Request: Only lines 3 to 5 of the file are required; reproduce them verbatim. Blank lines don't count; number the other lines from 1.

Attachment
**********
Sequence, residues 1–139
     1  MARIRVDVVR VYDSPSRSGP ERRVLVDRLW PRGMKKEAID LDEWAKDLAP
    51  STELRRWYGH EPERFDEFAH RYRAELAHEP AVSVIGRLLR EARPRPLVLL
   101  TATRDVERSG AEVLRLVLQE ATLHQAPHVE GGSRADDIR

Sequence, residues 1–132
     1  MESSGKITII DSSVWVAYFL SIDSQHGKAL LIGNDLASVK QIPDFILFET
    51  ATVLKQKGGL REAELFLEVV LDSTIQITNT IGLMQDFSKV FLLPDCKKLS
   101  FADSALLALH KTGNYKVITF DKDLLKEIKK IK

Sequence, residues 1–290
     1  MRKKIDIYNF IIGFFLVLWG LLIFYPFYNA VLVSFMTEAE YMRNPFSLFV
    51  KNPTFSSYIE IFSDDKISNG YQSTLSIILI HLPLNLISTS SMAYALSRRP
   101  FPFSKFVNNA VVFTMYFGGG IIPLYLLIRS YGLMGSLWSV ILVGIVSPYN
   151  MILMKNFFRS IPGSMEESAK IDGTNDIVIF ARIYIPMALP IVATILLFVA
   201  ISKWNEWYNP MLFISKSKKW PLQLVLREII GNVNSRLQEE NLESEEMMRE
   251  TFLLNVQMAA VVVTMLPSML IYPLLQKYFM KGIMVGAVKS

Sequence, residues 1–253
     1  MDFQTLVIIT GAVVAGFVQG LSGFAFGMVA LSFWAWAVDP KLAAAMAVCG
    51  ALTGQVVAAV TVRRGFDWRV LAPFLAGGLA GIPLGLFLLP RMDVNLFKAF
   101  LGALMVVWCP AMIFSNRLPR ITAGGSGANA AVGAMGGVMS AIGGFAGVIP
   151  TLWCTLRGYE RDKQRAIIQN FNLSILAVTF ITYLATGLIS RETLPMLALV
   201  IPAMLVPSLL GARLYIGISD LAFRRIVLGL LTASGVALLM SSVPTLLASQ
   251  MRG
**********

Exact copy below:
    51  STELRRWYGH EPERFDEFAH RYRAELAHEP AVSVIGRLLR EARPRPLVLL
   101  TATRDVERSG AEVLRLVLQE ATLHQAPHVE GGSRADDIR

Sequence, residues 1–132